Performance of Underground Mines in Chile

Performance of Underground Mines in Chile

The mining sector is a key element in the Chilean economy with most of the mining activities grouped in the north of the country and it accounts for 12% of Chile’s GDP. The top minerals found in the country are Copper, Gold, Silver, Molybdenum, and Iron. Chile leads the world’s production of copper and is among the top five producers of molybdenum and silver.  

In the last years, the mining industry worldwide has been turning towards underground mining, and Chile could not be the exception. The increase in technological advances that the world has been experiencing, as well as the increasing awareness of the environmental impact, have become two key factors in the return to underground mining. Despite open pit mining remains the most popular mining method for Cu or epithermal deposits, the trend towards sustainability is pointing to the underground methods for ground footprint reduction. 

Mines such as El Teniente, the world’s largest underground mine, owned by the state National Copper Corporation of Chile (CODELCO) have been investing in the expansion of the underground tunnels to expand the mine’s life for more than 50 years. Other mines such as the Chuquicamata, Chile’s largest open-pit copper mine, transitioned from open-pit mining to underground mining (Jamasmie, 2012).  This transition is expected to reduce 97% of suspended particulate matter originated from open-pit operations, thereby minimizing environmental demands (Michaud, n.d.)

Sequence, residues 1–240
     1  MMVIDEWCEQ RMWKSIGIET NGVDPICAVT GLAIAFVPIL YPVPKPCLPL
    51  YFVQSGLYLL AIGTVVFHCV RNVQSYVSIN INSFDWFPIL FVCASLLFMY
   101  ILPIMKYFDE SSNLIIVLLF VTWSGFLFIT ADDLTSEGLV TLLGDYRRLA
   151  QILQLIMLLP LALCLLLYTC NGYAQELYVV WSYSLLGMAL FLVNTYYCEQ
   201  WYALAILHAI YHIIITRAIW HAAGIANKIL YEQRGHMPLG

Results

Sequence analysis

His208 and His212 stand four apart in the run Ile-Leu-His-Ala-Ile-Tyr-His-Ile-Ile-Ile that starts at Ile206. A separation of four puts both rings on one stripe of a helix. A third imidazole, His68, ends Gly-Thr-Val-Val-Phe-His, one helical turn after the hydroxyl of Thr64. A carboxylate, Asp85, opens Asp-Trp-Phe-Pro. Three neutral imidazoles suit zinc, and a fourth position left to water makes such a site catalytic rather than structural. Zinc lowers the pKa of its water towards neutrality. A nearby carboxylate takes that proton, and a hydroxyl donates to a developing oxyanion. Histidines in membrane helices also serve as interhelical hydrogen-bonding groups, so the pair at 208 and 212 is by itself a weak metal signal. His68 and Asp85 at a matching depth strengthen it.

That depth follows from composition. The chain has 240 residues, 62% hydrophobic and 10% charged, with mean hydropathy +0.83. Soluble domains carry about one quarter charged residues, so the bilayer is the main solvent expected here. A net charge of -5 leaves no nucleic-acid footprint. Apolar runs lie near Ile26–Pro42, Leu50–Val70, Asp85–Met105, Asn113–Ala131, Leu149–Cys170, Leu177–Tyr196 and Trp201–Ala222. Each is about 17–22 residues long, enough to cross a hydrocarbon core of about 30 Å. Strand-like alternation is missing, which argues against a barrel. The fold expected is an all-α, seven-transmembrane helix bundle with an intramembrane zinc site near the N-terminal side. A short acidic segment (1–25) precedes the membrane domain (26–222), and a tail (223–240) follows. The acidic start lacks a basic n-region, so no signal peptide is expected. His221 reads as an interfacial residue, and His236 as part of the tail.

Without a doubt, Chile is facing a great challenge on the road to underground mining, because it is not only a matter of considering the new technical requirements that this new stage implies, but also it is essential to carry out geological studies, cost analysis, automation of tasks and preparation of the appropriate staff for the development of the operations. Therefore, it is important to highlight the crucial role those new technologies play in the evolution of mining operations, as profitability is not the only concern, but it is also important to think about sustainable operations that will drive the future of mining in Chile. 

 

 References:

Jarroud, M. (2013). Mining in Chile Going Back Underground. Inter Press Service. Retrieved 22 June 2021, from http://www.ipsnews.net/2013/08/mining-in-chile-going-back-underground/. 

Jamasmie, C. (2012). Chile’s largest open pit copper mine goes underground. MINING.COM. Retrieved 23 June 2021, from https://www.mining.com/chiles-largest-open-pit-copper-mine-starts-conversion-to-underground/. 

Michaud, D. Why are Chile and the world going back to underground mining?. Mineral Processing & Metallurgy. Retrieved 24 June 2021, from https://www.911metallurgist.com/blog/why-are-chile-and-the-world-going-back-to-underground-mining. 

Mining in Chile. Comisión Chilena del Cobre. Retrieved 24 June 2021, from https://www.cochilco.cl/SIAC/Paginas/English/Mining-in-Chile.aspx. 

Future looks bright for green mining

Future looks bright for green mining